Evidently, working from home makes all of our time family time. And most people seem to be cherishing the opportunity to be around their loved ones, and that goes for families as much as pets. Then go simple pleasures of home-cooked food, loud music, and coffee—something traditionally enjoyed at the office but newly discovered at home.
Meanwhile, among the aspects of remote work people struggle with are kids, supposedly getting in the way of working. #2 on the list supports that, with work/home balance becoming a challenge, bringing about distractions and reduced productivity as a result. Missing office friends emerged as the last disadvantage of working from home.
Quarantine: social media’s thoughts
While working from home is a usual state of things for some of the world’s workforce, being quarantined is new and doesn’t sound like any fun. And yet many are living the quarantine reality right now and indefinitely.
To examine social media conversations around quarantine, mentions of quarantine, self-isolation, and social distancing were collected and analyzed. During one month of social listening, 1.7 million unique posts matching the criteria appeared on social networks.
Surprisingly, the sad reality of quarantine did not result in a much larger share of negative mentions—under a fourth of all quarantine-related social media posts were explicitly negative. Let’s move on to the key aspects of social distancing people liked and disliked the most.
Yet again, family comes first, followed closely by spending time outdoors (hopefully, in the isolation of one’s backyard). The rest of the things on the list are enjoyed while staying inside:homemade food, video games, and movies. Hardly a coincidence, Netflix was the most frequently mentioned brand, boasting 9,960 mentions.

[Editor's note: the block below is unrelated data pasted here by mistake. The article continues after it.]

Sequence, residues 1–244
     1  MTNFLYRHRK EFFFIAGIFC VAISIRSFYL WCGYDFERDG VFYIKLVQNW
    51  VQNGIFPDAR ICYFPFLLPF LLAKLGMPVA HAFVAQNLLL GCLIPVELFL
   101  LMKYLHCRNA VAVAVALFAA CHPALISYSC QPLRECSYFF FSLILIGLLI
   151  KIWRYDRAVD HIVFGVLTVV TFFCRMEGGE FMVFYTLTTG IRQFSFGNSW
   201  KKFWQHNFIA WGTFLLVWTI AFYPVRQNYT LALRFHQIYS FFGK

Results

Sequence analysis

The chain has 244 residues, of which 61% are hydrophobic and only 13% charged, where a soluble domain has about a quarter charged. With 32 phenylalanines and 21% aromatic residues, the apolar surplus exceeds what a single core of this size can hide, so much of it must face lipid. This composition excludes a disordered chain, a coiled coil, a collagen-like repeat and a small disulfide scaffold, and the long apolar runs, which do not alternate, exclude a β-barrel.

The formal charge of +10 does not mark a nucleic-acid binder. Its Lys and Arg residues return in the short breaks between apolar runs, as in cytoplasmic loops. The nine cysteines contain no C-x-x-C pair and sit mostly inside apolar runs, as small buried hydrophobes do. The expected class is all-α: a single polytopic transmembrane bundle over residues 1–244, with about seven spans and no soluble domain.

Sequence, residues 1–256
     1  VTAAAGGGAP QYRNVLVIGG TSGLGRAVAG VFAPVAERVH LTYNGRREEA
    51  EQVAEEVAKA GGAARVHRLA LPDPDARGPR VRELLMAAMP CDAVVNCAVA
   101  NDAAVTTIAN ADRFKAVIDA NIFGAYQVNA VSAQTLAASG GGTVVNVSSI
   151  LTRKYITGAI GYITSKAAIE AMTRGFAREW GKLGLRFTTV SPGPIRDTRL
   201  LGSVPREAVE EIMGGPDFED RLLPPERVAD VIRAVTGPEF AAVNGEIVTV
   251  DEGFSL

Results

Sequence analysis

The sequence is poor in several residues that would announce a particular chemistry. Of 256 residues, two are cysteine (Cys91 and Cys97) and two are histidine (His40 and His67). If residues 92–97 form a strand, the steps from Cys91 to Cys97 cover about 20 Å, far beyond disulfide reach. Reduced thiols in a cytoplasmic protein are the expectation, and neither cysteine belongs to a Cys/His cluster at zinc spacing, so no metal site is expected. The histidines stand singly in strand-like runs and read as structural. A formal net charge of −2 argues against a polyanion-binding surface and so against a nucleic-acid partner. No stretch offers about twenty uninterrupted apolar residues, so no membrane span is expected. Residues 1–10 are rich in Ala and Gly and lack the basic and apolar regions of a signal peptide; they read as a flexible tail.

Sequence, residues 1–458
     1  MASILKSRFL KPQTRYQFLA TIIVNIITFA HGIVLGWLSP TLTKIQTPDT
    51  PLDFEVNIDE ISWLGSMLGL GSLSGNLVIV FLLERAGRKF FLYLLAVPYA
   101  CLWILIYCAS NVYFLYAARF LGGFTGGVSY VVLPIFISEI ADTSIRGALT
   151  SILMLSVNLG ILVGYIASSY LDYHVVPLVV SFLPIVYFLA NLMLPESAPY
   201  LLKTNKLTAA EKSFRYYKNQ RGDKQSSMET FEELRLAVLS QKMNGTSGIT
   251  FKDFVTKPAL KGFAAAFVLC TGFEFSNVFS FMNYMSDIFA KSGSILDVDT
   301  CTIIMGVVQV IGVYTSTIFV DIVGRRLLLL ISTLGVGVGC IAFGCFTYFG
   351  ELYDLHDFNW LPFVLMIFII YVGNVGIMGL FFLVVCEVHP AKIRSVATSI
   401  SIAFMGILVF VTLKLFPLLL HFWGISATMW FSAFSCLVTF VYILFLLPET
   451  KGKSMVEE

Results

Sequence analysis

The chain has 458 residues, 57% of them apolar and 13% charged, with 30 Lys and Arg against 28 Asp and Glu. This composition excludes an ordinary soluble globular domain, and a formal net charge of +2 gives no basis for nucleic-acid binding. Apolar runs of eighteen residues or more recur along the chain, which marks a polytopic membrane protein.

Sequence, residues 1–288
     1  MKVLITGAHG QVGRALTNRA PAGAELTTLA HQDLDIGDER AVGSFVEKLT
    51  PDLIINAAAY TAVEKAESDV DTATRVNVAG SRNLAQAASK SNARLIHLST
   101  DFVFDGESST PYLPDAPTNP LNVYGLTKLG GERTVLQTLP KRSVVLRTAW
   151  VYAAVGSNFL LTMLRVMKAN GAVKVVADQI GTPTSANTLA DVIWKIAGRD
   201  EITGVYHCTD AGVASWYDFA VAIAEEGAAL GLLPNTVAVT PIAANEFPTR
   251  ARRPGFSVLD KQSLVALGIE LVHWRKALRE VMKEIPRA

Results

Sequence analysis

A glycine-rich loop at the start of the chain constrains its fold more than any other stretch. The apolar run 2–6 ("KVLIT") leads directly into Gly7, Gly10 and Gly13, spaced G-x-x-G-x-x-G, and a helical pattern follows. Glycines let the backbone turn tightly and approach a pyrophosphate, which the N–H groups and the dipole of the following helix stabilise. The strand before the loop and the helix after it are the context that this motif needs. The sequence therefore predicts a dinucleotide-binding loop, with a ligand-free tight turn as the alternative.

Out of the things people in quarantine struggle with the most, family time surpasses everything. When isolated, missing friends, the gym, and restaurant food, all that is left is going online to let it all out. Among other things complained about the most under quarantine are mental health issues that exacerbate under the circumstances.
Panic buying: social media’s thoughts
Panic buying is talked about a lot. With so many items out of stockand sold out, manufacturers must be happy as can be. For customers, however, things are quite the opposite. Based on social media listening analysis, below are items mentioned the most in posts featuring out of stock and sold out.
Apart from customer (dis)satisfaction insights, the breakdown offers insights into the items consumers find essential in a pandemic scenario. While companies are expanding production to meet the new demand, social media users can only hope for fully re-stocked shelves and reduced panic buying in the near future.
It’s overwhelming to think about just how much our lives have changed (and will keep changing) as long as COVID-19 holds the world hostage. Self-isolated and socially distanced, we look for answers on social media. In times of a global pandemic, it’s most reflective of major trends and changing paradigms. Social media offers plenty of insights both for individuals and companies surviving the crisis. The key here is to listen.